Deep Album Cuts Vol. 68: Parliament-Funkadelic

Last week Bernie Worrell passed away, and even before that, when it'd been announced that his health was failing, I'd been listening to a lot of Parliament and Funkadelic. I remember years ago I had an eMusic subscription and had started working my way through the P-Funk discography, but they just have so many albums that I never got really far past the early records. But they've made an amazing catalog, and Bernie Worrell in particular has always dazzled me as one of the most important people to raise the synthesizer to its own distinct instrument, so it was nice to comb over some of these records and remember his work.

Parliament-Funkadelic Deep Album Cuts (Spotify playlist): 

1. Mommy, What's A Funkadelic?
2. Free Your Mind And Your Ass Will Follow
3. Maggot Brain
4. I Call My Baby Pussycat
5. You Can't Miss What You Can't Measure
6. Alice In My Fantasies
7. Presence of A Brain
8. Together
9. The Song Is Familiar
10. Supergroovalisticprosifunkstication (The Bumps Bump)
11. Everything Is On The One
12. Let's Take It To The People
13. Sir Nose d'Voidoffunk [Pay Attention - B3M]
14. Liquid Sunshine
15. Let's Play House

Track 1 from Funkadelic's Funkadelic (1970)
Track 2 from Funkadelic's Free Your Mind... And Your Ass Will Follow (1970)
Track 3 from Funkadelic's Maggot Brain (1971)
Track 4 from Funkadelic's America Eats Its Young (1972)
Track 5 from Funkadelic's Cosmic Slop (1973)
Track 6 from Funkadelic's Standing On The Verge Of Getting It On (1974)
Track 7 from Parliament's Up For The Down Stroke (1974)
Track 8 from Parliament's Chocolate City (1975)
Track 9 from Funkadelic's Let's Take It To The Stage (1975)
Track 10 from Parliament's Mothership Connection (1975)
Track 11 from Parliament's The Clones Of Dr. Funkenstein (1976)
Track 12 from Funkadelic's Tales Of Kidd Funkadelic (1976)
Track 13 from Parliament's Funkentelechy Vs. The Placebo Syndrome (1977)
Track 14 from Parliament's Motor Booty Affair (1978)
Track 15 from Parliament's Trombipulation (1980)

The tracks on here that I would highlight as featuring some of Bernie Worrell's best work include "Free Your Mind," "Together," "Sir Nose," and "Let's Play House," but really it's fun to just listen chronologically and hear him progress from blaring acid rock organ to these incredibly off the wall synth patches. And obviously just one of a few amazing instrumental virtuosos who did their best work alongside George Clinton.

The whole confusing affair with Parliament and Funkadelic essentially being the same group of people operating under under two different names was, primarily, a brilliant hustle that allowed P-Funk to record for two different labels. And each band individually churned out LPs at the swift rate of most bands in the '70s. Over the course of the decade, they released a total of 19 albums, dwarfing the output of almost any other non-jazz artist in the '70s. Parliament and Funkadelic released 3 albums a year between the two groups in both 1975 and 1976, and I would put P-Funk's 1975 trio (Chocolate CityTake It To The Stage, and Mothership Connection) up against CCR's 1969 as one of the most impressive single year outputs in pop music history. Since many of their best songs are pretty long (four 9 or 10-minute tracks take up half of this mix), I just stuck to one track per album, and still had to skip several albums.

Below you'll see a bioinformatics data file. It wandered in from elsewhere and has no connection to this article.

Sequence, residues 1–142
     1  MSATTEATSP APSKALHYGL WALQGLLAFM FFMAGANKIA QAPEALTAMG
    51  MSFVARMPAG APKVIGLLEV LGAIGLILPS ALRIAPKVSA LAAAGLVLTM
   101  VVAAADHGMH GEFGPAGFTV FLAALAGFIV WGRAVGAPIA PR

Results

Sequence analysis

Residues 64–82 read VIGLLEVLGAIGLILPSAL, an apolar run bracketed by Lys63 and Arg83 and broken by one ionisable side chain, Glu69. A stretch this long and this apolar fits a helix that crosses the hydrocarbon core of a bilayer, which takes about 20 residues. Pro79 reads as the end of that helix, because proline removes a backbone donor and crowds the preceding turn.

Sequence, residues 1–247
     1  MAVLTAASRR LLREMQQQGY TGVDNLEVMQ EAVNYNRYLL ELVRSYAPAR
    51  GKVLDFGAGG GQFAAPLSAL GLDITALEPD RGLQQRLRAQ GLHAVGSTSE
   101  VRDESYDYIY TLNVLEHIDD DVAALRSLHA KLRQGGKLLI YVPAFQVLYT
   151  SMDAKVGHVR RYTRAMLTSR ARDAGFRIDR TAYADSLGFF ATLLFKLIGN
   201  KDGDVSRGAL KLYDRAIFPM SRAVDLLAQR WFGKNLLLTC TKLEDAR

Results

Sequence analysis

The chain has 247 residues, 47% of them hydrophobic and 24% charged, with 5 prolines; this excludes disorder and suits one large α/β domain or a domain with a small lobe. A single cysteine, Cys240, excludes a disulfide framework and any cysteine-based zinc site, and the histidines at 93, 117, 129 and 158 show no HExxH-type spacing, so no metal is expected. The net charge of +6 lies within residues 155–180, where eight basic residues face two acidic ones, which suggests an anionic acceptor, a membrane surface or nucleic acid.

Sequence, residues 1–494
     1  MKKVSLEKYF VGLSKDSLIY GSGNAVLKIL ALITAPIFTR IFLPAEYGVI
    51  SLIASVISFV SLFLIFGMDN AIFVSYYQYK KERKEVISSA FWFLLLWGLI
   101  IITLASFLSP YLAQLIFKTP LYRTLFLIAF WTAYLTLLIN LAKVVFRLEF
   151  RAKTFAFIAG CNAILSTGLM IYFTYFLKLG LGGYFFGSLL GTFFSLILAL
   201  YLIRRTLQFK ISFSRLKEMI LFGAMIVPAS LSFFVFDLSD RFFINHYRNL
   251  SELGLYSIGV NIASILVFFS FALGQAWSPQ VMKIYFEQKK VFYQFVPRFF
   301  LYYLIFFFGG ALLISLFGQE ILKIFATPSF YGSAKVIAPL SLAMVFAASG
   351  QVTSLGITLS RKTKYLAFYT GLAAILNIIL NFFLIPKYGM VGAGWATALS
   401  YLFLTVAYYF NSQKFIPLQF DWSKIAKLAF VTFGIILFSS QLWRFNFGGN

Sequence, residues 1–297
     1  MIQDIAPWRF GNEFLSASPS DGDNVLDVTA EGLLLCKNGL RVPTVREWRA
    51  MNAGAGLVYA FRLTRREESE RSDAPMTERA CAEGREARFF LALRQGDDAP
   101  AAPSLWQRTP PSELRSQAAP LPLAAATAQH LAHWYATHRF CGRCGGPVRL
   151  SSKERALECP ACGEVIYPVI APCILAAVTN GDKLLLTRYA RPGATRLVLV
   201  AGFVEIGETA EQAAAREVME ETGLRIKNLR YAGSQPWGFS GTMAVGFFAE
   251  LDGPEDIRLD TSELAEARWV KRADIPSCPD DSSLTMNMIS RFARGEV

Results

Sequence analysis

You may recognize a lot of these songs from samples by N.W.A. ("Sir Nose"), A Tribe Called Quest ("Let's Take It To The People"), De La Soul ("Mommy, What's A Funkadelic?") and of course the Digital Underground's "The Humpty Dance" ("Let's Play House"). But mostly I wanted to capture the way the band evolved, and how they basically ran with what Sly Stone and other funk forebears had created and blew it up into this bizarre, unique sound and mythology that helped bridge eras right up into hip hop. The emotional balladry of "The Song Is Familiar," the hard rock of "Alice In My Fantasies," the straight up funk of "Everything Is On The One," the legendary guitar freakout of "Maggot Brain," this is just the tip of the iceberg.

Previous playlists in the Deep Album Cuts series:
Vol. 1: Brandy
Vol. 2: Whitney Houston
Vol. 3: Madonna
Vol. 4: My Chemical Romance
Vol. 5: Brad Paisley
Vol. 6: George Jones
Vol. 7: The Doors
Vol. 8: Jay-Z
Vol. 9: Robin Thicke
Vol. 10: R. Kelly
Vol. 11: Fall Out Boy
Vol. 12: TLC
Vol. 13: Pink
Vol. 14: Queen
Vol. 15: Steely Dan
Vol. 16: Trick Daddy
Vol. 17: Paramore
Vol. 18: Elton John
Vol. 19: Missy Elliott
Vol. 20: Mariah Carey
Vol. 21: The Pretenders
Vol. 22: "Weird Al" Yankovic
Vol. 23: Tom Petty and the Heartbreakers
Vol. 24: Foo Fighters
Vol. 25: Counting Crows
Vol. 26: T.I.
Vol. 27: Jackson Browne
Vol. 28: Usher
Vol. 29: Mary J. Blige
Vol. 30: The Black Crowes
Vol. 31: Ne-Yo
Vol. 32: Blink-182
Vol. 33: One Direction
Vol. 34: Kelly Clarkson
Vol. 35: The B-52's
Vol. 36: Ludacris
Vol. 37: They Might Be Giants
Vol. 38: T-Pain
Vol. 39: Snoop Dogg
Vol. 40: Ciara
Vol. 41: Creedence Clearwater Revival
Vol. 42: Dwight Yoakam
Vol. 43: Demi Lovato
Vol. 44: Prince
Vol. 45: Duran Duran
Vol. 46: Rihanna
Vol. 47: Janet Jackson
Vol. 48: Sara Bareilles
Vol. 49: Motley Crue
Vol. 50: The Who
Vol. 51: Coldplay
Vol. 52: Alicia Keys
Vol. 53: Stone Temple Pilots
Vol. 54: David Bowie
Vol. 55: The Eagles
Vol. 56: The Beatles
Vol. 57: Beyonce
Vol. 58: Beanie Sigel
Vol. 59: A Tribe Called Quest
Vol. 60: Cheap Trick
Vol. 61: Guns N' Roses
Vol. 62: The Posies
Vol. 63: The Time
Vol. 64: Gucci Mane
Vol. 65: Violent Femmes
Vol. 66: Red Hot Chili Peppers
Vol. 67: Maxwell
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